The effects of specific aberrations on the optical performance of the all-composite design for the Herschel Space Observatory are examined. A review of the all-composite design for the large aperture (3.5 m) telescope that satisfies the target specifications is presented. Cyrogenic experiments with a carbon fiber reinforced polymer (CFRP) 2 m demonstration mirror have yielded empirical bounds on the high- and low-order spatial frequency aberrations that will be anticipated in the full 3.5 m Ritchey-Chretien telescope design. Detailed analysis is presented on the effect of the low order aberrations of the primary mirror on the system wavefront error and encircled energy. Predictable limits of correction via low order shaping of the secondary mirror are described. The impact of higher order surface errors on the encircled energy and the stray light will also be presented. Comments are made regarding the impact of the optical prescription and CRFP design on flight telescope testing.
The Herschel Space Observatory (formerly known as FIRST) consists of a 3.5 m space telescope designed for use in the long IR and sub-millimeter wavebands. To demonstrate the viability of a carbon fiber composite telescope for this application, Composite Optics Incorporated (COI) manufactured a fast (F/1), large (2 m), lightweight (10.1 kg/m2) demonstration mirror. A key challenge in demonstrating the performance of this novel mirror was to characterize the surface accuracy at cryogenic (70 K) temperatures. A wide variety of optical metrology techniques were investigated and a brief survey of empirical test results and limitations of the various techniques will be presented in this paper. Two complementary infrared (IR) techniques operating at a wavelength of 10.6 microns were chosen for further development: (1) IR Twyman-Green Phase Shifting Interferometry (IR PSI) and (2) IR Shack-Hartmann (IR SH) Wavefront Sensing. Innovative design modifications made to an existing IR PSI to achieve high-resolution, scannable, infrared measurements of the composite mirror are described. The modified interferometer was capable of measuring surface gradients larger than 350 microradians. The design and results of measurements made with a custom-built IR SH Wavefront Sensor operating at 10.6 microns are also presented. A compact experimental setup permitting simultaneous operation of both the IR PSI and IR SH tools is shown. The advantages and the limitations of the two key IR metrology tools are discussed.
In the light of the recent successes in utilizing CFRP composites for fabrication of ultra-lightweight, micron- accuracy reflectors for space telescopes, this paper provides a recent assessment of the main factors influencing dimensional stability of composites. Two recent examples of all-composites reflector designs that demonstrate the validity of the composites choice for this type of space applications are presented.
Composite materials are an ideal choice for the FIRST Telescope, since they provide dimensional stability, excellent stiffness to weight ratios, near zero thermal expansion, and manufacturing flexibility. The most challenging aspect of producing an all-composite FIRST telescope, is the development of the lightweight primary mirror. The design of the primary mirror must satisfy requirements for surface accuracy to operating temperatures of 80 +/- K as well as stiffness and strength considerations during launch.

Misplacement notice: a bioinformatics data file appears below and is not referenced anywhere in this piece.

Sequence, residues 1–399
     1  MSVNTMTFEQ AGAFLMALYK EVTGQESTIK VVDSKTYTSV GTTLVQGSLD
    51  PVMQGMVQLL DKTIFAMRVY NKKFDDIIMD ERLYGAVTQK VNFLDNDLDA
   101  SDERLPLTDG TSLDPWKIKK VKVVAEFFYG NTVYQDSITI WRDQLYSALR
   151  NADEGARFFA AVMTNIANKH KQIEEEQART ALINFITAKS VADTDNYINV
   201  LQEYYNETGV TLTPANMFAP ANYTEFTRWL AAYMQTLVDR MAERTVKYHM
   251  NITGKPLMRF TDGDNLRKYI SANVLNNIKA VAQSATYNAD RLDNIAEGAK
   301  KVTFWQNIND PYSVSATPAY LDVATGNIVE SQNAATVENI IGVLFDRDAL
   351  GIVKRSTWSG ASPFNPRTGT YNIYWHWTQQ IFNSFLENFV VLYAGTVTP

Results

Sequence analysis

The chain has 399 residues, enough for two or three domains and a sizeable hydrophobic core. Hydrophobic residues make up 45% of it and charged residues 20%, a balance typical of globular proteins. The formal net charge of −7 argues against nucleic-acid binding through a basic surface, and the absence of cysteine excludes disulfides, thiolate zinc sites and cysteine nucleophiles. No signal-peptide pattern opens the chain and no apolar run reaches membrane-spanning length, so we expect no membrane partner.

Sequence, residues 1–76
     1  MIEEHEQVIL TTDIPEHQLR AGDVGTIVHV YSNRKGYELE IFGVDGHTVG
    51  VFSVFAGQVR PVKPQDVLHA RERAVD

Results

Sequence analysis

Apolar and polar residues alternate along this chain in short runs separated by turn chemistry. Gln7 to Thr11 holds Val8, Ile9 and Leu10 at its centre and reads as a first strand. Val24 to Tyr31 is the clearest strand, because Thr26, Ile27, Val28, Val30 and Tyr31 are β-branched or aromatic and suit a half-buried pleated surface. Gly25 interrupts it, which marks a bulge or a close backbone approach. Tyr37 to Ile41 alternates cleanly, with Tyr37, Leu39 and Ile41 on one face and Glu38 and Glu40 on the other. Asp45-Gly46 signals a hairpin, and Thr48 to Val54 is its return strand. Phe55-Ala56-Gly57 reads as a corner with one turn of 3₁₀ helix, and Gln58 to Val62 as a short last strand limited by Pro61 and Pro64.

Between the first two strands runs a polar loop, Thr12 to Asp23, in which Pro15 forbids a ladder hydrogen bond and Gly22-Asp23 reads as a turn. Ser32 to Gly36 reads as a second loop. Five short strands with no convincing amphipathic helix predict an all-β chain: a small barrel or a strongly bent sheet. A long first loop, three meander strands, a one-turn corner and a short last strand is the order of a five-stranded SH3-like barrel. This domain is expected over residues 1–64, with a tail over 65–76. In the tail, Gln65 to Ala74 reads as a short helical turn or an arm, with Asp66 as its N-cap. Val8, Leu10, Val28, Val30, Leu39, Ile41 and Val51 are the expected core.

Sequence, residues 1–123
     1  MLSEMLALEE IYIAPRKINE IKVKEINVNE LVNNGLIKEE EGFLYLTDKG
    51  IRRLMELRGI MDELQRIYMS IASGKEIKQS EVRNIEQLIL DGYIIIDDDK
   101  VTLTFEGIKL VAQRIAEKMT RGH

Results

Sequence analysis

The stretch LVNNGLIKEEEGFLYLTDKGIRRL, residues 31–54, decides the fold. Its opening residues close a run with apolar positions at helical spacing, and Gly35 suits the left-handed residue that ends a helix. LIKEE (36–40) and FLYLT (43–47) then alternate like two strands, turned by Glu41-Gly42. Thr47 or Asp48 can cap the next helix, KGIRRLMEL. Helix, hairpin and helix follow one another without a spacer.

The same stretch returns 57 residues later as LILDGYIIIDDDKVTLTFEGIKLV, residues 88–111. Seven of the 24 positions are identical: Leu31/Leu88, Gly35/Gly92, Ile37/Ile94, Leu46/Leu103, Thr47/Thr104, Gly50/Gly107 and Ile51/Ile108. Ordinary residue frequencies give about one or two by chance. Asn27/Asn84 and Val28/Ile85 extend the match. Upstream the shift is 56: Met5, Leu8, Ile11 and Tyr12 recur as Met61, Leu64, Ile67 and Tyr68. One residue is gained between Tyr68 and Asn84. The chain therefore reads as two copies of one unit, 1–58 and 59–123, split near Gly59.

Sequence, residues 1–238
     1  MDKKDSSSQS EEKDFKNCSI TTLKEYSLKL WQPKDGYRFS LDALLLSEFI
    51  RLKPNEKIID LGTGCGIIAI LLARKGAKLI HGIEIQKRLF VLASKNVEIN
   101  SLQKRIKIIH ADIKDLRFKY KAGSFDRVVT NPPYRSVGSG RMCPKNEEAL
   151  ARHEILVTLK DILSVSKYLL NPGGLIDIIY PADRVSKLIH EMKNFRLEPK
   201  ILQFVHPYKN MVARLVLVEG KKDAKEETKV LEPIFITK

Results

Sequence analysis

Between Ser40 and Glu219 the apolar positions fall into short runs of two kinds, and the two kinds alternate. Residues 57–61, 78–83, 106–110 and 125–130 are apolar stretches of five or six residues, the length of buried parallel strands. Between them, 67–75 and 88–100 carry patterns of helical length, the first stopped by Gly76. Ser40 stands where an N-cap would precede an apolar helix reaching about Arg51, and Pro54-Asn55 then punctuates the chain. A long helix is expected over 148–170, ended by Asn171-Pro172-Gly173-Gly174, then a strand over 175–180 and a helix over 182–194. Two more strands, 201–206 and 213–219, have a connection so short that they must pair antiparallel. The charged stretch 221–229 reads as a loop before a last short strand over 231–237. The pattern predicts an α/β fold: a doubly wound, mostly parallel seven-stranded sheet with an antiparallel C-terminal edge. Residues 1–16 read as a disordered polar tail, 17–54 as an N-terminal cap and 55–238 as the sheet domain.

The FIRST telescope will be made of carbon fiber reinforced plastic. The optics follow a two mirror near-classical Ritchey-Chretian design, but deviates from that in two respects. The secondary mirror defines the pupil of the system, and the primary mirror is uncommonly fast at f/0.5. After presenting the optical design, the sensitivities will be presented. Current work in progress will be described in the following areas; (1) secondary mirror figure correction (2) stray light (3) primary mirror gaps (4) standing wave impact on the heterodyne instrument for FIRST (HIFI).
The Far Infrared and Submillimeter Telescope (FIRST), is an ESA cornerstone mission, that will be used for photometry, imaging and spectroscopy in the 80 to 670 micrometer range. NASA, through the Jet Propulsion Laboratory (JPL), will be contributing the telescope and its design to ESA. This paper will discuss the work being done by JPL and Composite Optics, Incorporated (COI), the developer of the primary mirror technology. Optical and mechanical constraints for the telescope have been defined by ESA and evolved from their trade studies. Design drivers are wave front error (10 micrometer rms with a goal of 6 micrometer rms), mass (260 kg), primary mirror diameter (3.5 m) and f number (f/0.5), and the operational temperature (less than 90 K). In response to these requirements a low mass, low coefficient of thermal expansion (CTE) telescope has been designed using carbon fiber reinforced polymer (CFRP). This paper will first present background on the JPL/COI CFRP mirror development efforts. After selection of the material, the next two steps, that are being done in parallel, are to demonstrate that a large CFRP mirror could meet the requirements and to detail the optical, thermal and mechanical design of the telescope.
Results are presented of a thermal design optimization study of the segmented GFRP primary reflector of the earth-orbiting Submillimeter Imager and Line Survey telescope. The paper examines the thermal requirements of the primary reflector and the thermal environment of the telescope and describes the thermal design of the primary reflector. Particular attention is given to the geometric math model and the thermal math model of the telescope. A summary for the steady-state thermal performance of the optimized design is presented, showing that the optimized design has reduced, by an order of magnitude, structural spatial temperature gradients, which were earlier shown to be the most significant obstacle in maintaining the required telescope figure accuracy.